Leviticus 25

Leviticus 25

Leviticus 25 - The Sabbath of the Land & the Year of Jubilee

Chapter 25  – The Sabbath of the Land & the Year of Jubilee

Leviticus 25 – the big points

1) Rest is important to God. Even the land had to keep its Sabbath.

2) The Sabbath year was a time to be reacquainted with God’s laws.

3) Most things that were lost through debt could be redeemed in the year of Jubilee.

4) The kinsman a redeemer was a type of Christ – a distant relative of King David who came to redeem every Israelite (and all sinners) from sin.

5) The laws of Jubilee were put in place to prevent and family from being permanently impoverished.

Chapter 25 of Leviticus begins with a request for the land to keep a Sabbath to the Lord. Every seventh year the land was to be left fallow – it should not be cultivated that year. I found grace in the thought that God is concerned about all of His creation – even dirt.

See, God knew what every good farmer today knows: planting, tilling, harvesting – all the things we do to get food from the land depletes the resources of the soil. The earth needs time to be replenished. So one year in seven, the land would be left alone so that the nutrients may be restored.

“But what about the people?” you may ask. “What are they going to eat?”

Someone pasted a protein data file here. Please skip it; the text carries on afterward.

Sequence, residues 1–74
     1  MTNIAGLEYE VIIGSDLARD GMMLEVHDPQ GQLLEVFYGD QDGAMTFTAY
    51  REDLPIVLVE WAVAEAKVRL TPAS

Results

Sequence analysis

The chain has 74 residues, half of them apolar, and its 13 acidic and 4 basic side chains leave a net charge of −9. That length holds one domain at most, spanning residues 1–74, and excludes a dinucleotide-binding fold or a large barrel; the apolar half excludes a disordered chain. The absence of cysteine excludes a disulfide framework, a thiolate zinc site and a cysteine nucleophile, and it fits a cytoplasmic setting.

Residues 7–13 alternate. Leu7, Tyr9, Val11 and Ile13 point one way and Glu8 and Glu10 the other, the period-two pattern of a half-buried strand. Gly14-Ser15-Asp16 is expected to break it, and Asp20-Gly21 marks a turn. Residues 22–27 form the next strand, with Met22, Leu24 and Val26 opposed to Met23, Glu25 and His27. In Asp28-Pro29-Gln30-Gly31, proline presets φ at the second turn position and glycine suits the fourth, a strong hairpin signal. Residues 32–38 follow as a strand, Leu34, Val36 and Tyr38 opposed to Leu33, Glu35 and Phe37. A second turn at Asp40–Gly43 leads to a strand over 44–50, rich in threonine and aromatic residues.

Aha! More grace.

In Leviticus 25:21-22 God answers that question. He will bless them so much in the sixth year that they will have food enough for three years. Three years! That’s a lot of blessings!

Grace is rest and liberty

Every fiftieth year would be the Year of Jubilee. I don’t know about you but the very word makes me think of joy and gladness. Liberty was proclaimed during Jubilee. If you were a slave, you would be freed. If you had to sell your family land, it would be returned to you.

And that’s about grace.

Anything can be bourne if you knew it had an end. One of the reasons why the enslavement by the Egyptians was so bad was that it had gone on for more than 400 years and there was no end in sight. There was no redeemer. And there’s the other cool thing about this chapter:

The kinsman-redeemer or goel was that relative who had the right to save you. He could buy you out of slavery. He could buy back your land. But the very best thing about the goel is that he told the story of Jesus.

Someday, the distant relative of King David would come and redeem all Israel (and the whole world) from being enslaved to sin. He would proclaim liberty to all people. His grace would cover the sins of the world and make us worthy before the Father. Isn’t that grace?


Lord, thank You for the kinsman-redeemer, the one who proclaimed Jubilee, not just in the fiftieth year but at all times. I am so grateful that you chose to exercise grace and not treat us as our sin deserves. In Jesus’ name. Amen.


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